Jan 292009

Realizing the imminence of his death a patient started pleading with the doctor to save him at any cost. He told the doctor that money would be no bar in organizing the best treatment available in the hope of gaining an extra lease of life. The doctor was perplexed as the whole system of the patient had almost collapsed. Even a miraculous survival would make the patient’s life miserable beyond imagination. The fact remained that the patient still felt some fulfillments on his part due to his attachment, and moreover he had never pondered on the real purpose of life; let alone the necessity to fulfill it. In fact, the disgust in the end is created by the single fact that our actions are directed towards a desired outcome with egoistic considerations. The said patient still felt some liabilities beside the natural will to prolong his life.
Again, a person two years before his retirement was restless and sleepless. His son was still not employed and his daughter was not married due to a shortage of the required funds. There seemed no solution and he died silently in a desperate condition. About 3-4 months after his death the son was employed in the same organization out of compassion and his daughter’s marriage was fixed as the necessary amount was now available due to the father’s provident fund, insurance, gratuity et cetera. The family was happy now due to his death even though he died in a condition of hopelessness.
Hence our craving to prolong life is a hindrance, sometimes, in the welfare of our dear ones, too!
Would it be a better proposition to do our duties sincerely and not desire to see the expected results in our life?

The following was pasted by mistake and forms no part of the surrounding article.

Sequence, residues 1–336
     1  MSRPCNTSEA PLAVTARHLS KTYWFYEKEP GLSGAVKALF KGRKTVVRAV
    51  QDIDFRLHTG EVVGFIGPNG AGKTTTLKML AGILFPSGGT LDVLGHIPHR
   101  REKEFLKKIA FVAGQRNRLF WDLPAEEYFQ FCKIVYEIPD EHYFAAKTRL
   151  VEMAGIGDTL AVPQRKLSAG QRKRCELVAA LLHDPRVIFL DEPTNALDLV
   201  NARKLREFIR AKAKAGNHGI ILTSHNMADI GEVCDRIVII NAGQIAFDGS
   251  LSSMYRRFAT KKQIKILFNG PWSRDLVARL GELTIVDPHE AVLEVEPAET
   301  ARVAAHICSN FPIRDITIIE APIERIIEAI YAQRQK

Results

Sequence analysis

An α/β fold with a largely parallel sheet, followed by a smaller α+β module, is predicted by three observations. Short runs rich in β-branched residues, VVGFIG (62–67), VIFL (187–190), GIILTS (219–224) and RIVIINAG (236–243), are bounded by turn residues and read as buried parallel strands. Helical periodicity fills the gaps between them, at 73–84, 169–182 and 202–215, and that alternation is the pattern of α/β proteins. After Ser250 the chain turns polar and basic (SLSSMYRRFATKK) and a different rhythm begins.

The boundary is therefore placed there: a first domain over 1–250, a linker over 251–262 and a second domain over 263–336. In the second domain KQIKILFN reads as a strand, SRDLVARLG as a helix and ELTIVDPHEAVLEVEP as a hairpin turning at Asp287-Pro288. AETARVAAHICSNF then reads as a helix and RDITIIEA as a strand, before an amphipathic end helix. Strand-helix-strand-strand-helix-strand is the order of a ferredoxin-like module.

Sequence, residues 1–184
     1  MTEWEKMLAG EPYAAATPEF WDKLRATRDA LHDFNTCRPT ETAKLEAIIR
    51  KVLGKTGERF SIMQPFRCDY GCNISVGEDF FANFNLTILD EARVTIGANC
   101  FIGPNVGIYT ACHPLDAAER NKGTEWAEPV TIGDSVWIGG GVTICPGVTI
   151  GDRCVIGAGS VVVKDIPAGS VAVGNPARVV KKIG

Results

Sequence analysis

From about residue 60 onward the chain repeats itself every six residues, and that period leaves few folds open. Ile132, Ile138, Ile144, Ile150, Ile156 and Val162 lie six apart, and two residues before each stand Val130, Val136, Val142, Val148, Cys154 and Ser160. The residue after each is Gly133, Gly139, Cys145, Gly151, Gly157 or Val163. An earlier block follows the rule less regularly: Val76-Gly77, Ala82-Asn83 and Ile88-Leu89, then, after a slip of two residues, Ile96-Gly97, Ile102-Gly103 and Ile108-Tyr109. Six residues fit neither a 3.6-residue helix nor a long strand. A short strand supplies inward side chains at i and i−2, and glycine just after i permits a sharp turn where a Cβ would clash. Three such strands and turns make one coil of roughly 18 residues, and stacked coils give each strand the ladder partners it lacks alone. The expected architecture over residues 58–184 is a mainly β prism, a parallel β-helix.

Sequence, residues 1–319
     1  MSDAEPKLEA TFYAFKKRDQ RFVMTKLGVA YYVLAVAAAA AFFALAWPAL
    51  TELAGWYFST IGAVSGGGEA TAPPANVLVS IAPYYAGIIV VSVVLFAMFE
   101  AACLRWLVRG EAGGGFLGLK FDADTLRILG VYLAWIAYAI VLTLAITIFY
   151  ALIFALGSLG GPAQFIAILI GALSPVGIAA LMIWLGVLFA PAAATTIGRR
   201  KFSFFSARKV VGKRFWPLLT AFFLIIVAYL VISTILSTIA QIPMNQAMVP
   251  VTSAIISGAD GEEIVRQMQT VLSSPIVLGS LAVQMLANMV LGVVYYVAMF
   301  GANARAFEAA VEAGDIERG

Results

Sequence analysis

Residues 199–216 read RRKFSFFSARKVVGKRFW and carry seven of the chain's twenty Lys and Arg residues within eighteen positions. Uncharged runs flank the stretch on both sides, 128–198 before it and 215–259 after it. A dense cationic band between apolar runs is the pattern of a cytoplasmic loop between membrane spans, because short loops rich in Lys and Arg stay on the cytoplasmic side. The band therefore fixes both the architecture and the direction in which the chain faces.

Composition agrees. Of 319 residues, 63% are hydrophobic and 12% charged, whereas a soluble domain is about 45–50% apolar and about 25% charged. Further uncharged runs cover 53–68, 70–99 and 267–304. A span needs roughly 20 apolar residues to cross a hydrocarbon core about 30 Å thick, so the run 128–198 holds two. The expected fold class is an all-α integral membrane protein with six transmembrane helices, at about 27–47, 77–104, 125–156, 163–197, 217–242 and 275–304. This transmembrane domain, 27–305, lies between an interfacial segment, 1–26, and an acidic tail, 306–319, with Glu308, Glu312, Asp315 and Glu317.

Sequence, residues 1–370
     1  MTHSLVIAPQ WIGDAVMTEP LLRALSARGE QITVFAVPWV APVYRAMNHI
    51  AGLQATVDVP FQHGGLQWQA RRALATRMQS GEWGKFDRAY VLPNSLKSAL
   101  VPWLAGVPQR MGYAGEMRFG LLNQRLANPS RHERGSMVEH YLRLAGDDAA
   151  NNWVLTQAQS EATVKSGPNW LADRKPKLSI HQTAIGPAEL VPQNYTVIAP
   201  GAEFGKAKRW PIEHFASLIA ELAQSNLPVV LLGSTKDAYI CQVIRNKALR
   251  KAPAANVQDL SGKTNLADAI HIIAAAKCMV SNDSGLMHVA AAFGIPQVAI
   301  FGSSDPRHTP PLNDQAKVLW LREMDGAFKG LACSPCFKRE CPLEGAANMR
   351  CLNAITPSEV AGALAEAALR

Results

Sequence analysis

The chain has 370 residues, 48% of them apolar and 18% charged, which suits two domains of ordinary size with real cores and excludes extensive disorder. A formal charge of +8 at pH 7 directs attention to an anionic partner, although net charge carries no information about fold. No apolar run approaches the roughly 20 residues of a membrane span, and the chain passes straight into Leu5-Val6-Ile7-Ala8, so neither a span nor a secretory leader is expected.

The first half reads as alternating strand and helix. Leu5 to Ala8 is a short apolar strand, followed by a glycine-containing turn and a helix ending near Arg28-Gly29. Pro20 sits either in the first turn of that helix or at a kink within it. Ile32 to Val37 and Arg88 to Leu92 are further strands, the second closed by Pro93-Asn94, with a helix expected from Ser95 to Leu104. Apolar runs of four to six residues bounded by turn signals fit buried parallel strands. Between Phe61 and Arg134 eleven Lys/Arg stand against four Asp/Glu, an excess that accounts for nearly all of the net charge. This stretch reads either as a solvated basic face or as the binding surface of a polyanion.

Some saints have said that it is all a Vanity Fair! In fact they are referring to those people who consider their body as their own and pursue materialistic objectives for its sake. Such people are performing their duties for the sake of their own good, knowingly or unknowingly, however, they are very particular in demanding their rights, too, in advance, if possible. Even a naive devotee desires a vision of God, foremost, to begin the spiritual practice.  
It is said that vices are introduced uncalled but it is very difficult to gain virtues. Normally, wisdom is measured by us in terms of worldly achievements which seem to be real and solid, materially. Though, we feel sometimes to remove certain vice and/or gain certain virtue but find ourselves helpless to do so. Here we need a wise person to assist us in such ventures. Those wise people are the real benefactors in this Vanity Fair who help us leading a satisfying life. These wise people present before us a synthesis of the needs of the physical body as well as those of the soul. One can’t neglect the needs of the physical body to pursue the need of the soul, which is felt by the mind as peace and absolute pleasure. In an effort to find the Truth, Lord Buddha fasted to near starvation making His body fragile. He happened to hear a song by passerby rural ladies, the meaning of which is : “Neither tighten the string of a Sitar (Guitar like) so much that it breaks nor leave it so loose that it doesn’t produce the proper note.” He understood the hidden meaning and kept his body nourished reasonably to achieve realization.
Until we get a wise person to assist us we can ponder wise sayings, keep good company, study scriptures and follow what is good for us. This world is not a Vanity Fair; we can really enjoy this fair provided we don’t develop an attachment to it and serve others in a real sense.

SP Sharma, India

e-mail: swamiprasad.sharma@gmail.com

About me.
I was born on 8 December 1945 and had self-realisation on 20 August 1977 at the age of 32. Thereafter I automatically shifted to the devotion path and a sort of relationship developed with God. Starting as a servant to God, then friendliness with God and then started liking God in child form. There is nothing left except to enjoy divine love and feel its presence in the whole world.